Walker v. Dicks, 80 N.C. 263 (1879)

Jan. 1879 · Supreme Court of North Carolina
80 N.C. 263


Surety and Principal — Counter-claim.

A surety before he has suffered from his suretyship, has the right to use his liabilities, as such, as an equitable eounter-elaim against a debt he owes his insolvent principal. This defenee will avail him equally against an assignee of the note past due when assigned, or assigned with notice.'

{Williams v. Helme, 1 Dev. Eq., 151; Miller v. Cherry, 4 Jones Eq., 197, cited and approved.)

Civil Action tried at Fall Term, 1878, of Forsyth Superior Court, before Graves, J.

Case agreed: In 1865, the defendant became surety on a guardian bond of R. L. Walker, deceased husband of plaintiff, and in 1872 a judgment was obtained on the bond. Subsequently Walker died insolvent, the judgment remaining unpaid. Before Walker’s death, the defendant being *264indebted to him for the purchase of land, executed a note dated April 18, 1872, payable one day after date, which note was assigned to plaintiff, widow, as part of her year’s allowance, and this action was brought for its recovery.

In 1873, the defendant paid $100 on said judgment, and before this action was begun (June 19, 1877,) he paid the further sum of $100, the amount then due by him on the judgment, which was afterwards re-opened on the ground of mistake, and a further recovery of $3,500 had against the sureties to the guardian bond, — defendant’s ratable part being $332 less $320 already paid, leaving a balance of $12. The note sued on amounts to $303.03, principal and interest, and the sum paid by defendant as surety aforesaid exceeds the amount of the note.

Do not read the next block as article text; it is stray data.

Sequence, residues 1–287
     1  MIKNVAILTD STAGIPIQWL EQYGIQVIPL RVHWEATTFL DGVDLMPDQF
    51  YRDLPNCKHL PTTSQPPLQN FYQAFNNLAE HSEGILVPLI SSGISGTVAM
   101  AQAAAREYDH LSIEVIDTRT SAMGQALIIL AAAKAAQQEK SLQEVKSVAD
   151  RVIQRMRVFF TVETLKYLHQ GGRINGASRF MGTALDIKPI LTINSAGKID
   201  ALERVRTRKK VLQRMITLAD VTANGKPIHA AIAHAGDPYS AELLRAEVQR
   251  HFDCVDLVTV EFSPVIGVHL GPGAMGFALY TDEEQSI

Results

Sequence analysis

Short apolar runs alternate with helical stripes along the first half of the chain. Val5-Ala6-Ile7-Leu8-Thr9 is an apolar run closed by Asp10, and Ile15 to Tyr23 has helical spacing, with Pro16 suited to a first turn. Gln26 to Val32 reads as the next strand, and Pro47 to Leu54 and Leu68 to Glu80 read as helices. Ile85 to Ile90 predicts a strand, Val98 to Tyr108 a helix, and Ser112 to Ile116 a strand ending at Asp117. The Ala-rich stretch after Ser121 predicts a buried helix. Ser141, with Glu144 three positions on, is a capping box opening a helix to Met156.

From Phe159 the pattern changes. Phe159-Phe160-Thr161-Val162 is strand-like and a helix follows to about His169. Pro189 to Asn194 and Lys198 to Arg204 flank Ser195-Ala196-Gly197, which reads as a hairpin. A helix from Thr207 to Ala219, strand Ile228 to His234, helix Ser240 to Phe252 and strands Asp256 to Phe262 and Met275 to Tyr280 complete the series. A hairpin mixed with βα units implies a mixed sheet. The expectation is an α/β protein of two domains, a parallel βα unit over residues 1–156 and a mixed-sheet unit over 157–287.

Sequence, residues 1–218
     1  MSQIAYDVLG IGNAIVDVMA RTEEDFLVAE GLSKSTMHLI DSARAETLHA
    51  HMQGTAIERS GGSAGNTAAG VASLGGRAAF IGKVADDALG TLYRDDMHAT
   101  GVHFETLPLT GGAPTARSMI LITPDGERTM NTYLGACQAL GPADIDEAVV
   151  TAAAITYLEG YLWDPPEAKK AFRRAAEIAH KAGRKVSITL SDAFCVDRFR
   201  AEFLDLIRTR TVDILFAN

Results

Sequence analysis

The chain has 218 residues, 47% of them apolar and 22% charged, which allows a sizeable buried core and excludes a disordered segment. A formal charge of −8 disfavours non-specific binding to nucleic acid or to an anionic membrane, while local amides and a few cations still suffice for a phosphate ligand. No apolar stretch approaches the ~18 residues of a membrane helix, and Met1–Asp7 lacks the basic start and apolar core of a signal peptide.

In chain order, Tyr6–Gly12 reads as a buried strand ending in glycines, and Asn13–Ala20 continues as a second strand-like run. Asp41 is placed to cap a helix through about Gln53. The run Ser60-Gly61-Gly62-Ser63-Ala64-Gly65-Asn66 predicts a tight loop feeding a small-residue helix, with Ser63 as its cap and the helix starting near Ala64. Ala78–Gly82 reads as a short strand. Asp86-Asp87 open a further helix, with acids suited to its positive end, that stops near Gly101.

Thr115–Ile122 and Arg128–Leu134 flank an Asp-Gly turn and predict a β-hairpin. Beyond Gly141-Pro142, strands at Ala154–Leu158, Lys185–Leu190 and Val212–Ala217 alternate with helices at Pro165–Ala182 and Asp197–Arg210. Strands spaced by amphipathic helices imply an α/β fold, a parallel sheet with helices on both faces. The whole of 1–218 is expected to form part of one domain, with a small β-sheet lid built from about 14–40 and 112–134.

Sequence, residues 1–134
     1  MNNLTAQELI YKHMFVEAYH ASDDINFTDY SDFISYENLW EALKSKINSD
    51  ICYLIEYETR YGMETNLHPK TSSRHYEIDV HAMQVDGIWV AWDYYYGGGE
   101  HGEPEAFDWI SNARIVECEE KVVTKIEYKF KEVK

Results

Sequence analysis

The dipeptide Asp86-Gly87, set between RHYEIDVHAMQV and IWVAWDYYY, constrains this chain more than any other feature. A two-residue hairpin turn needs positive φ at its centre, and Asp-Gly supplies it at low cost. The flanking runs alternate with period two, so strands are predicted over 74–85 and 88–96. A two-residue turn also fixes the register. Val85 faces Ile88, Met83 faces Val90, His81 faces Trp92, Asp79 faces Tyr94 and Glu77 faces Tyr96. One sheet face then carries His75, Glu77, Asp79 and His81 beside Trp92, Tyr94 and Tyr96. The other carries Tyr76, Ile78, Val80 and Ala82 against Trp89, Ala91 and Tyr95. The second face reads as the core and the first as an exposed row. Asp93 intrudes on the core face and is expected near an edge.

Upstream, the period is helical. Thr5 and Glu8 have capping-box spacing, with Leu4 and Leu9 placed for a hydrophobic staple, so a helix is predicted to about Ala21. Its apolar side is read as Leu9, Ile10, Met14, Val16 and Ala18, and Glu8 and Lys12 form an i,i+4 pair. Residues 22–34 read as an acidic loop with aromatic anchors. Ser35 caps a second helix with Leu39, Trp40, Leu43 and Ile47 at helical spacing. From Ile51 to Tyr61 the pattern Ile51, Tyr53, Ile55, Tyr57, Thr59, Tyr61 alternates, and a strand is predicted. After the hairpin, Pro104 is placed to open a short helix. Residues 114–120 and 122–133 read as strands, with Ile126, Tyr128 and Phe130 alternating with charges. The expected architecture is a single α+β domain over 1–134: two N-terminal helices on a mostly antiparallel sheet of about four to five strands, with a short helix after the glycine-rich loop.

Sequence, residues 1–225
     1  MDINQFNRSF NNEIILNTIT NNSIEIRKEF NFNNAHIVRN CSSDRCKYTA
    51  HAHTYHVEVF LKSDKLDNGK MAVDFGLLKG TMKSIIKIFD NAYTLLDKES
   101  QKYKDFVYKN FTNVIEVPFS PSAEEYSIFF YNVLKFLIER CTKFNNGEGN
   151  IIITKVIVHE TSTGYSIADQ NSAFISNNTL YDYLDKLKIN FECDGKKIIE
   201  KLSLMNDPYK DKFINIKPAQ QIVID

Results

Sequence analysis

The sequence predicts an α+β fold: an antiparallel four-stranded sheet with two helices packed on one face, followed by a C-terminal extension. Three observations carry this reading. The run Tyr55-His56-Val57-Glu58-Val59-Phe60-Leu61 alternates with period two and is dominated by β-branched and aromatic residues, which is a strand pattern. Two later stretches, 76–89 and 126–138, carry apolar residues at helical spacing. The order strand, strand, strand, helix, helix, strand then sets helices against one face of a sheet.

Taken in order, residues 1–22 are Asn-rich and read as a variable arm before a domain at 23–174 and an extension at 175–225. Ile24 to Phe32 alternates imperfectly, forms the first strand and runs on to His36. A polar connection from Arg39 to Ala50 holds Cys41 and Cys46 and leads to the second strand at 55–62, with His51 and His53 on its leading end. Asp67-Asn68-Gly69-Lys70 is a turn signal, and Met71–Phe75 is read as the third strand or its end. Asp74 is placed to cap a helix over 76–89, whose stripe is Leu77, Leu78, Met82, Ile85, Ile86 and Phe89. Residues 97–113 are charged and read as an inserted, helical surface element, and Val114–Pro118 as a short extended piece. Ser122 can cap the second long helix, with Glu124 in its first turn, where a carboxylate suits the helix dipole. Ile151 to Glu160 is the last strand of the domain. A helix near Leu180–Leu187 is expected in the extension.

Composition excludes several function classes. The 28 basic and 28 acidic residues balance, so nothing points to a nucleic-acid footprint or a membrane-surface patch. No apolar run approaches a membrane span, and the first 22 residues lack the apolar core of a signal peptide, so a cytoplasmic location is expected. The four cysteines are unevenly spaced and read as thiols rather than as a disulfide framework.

Thereupon His Honor held that defendant was not entitled to set off the sum for which he was liable and had paid as surety aforesaid, against the note sued on, and gave judgment accordingly, and defendant appealed.

Mr. J. T. Morehead, for plaintiff.

Messrs. Watson & Glenn, for defendant.

Ashe, J.

The only question presented by the facts in this case as agreed upon, is, — has the defendant the right to use his liabilities as surety for R. L. Walker, as an equitable set-off against the note sued on by the plaintiff, the widow of the said R. L. Walker?

At law, the defendant clearly would have no such right,, but we think it is .equally clear that such a defence will be sustained in equity. Our equity courts have been liberal in extending its aid to creditors, and although a surety is not a creditor before he pays his liabilities as such, yet the rights of a creditor have been accorded to him by the beneficent jurisdiction which the courts of equity in this state have assumed on this subject. The principle seems well .established *265by the current of authorities, that a surety before he has suffered from his suretyship, may use his liabilities as equitable sets-off against the debt he owes his insolvent principal, and this defence will'avail him equally against án assignee, provided the note is over-due when assigned, or assigned with notice.

The surety’s equity consists in his liabilities as such — his ability to meet them and the insolvency of his principal. When these incidents concur, he has the right to insist that his debt shall not be used so as to make him a loser thereby. Williams v. Helme, 1 Dev. Eq., 151; Miller v. Cherry, 4 Jones Eq., 197.

In our case this equitable defence arose in the lifetime of R. L. Walker, and attached to the note in controversy while he was the holder thereof. The note was past due, and according to the authorities above cited, if he had transferred it, the same equity would have followed it in the possession of the assignee; if so, we can see no reason why it should not follow it in the hands of the plaintiff who holds it under her husband, R. L. Walker, and must take it affected with the same equities to which it was subject in his hands.

Error. Reversed.